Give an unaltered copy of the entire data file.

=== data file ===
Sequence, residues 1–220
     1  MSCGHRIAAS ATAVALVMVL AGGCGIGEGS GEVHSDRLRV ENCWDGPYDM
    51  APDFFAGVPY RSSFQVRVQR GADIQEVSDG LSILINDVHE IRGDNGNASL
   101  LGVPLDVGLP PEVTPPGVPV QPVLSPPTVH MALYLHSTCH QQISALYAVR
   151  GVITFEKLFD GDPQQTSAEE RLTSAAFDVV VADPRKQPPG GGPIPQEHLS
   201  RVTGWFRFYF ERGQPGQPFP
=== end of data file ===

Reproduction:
Sequence, residues 1–220
     1  MSCGHRIAAS ATAVALVMVL AGGCGIGEGS GEVHSDRLRV ENCWDGPYDM
    51  APDFFAGVPY RSSFQVRVQR GADIQEVSDG LSILINDVHE IRGDNGNASL
   101  LGVPLDVGLP PEVTPPGVPV QPVLSPPTVH MALYLHSTCH QQISALYAVR
   151  GVITFEKLFD GDPQQTSAEE RLTSAAFDVV VADPRKQPPG GGPIPQEHLS
   201  RVTGWFRFYF ERGQPGQPFP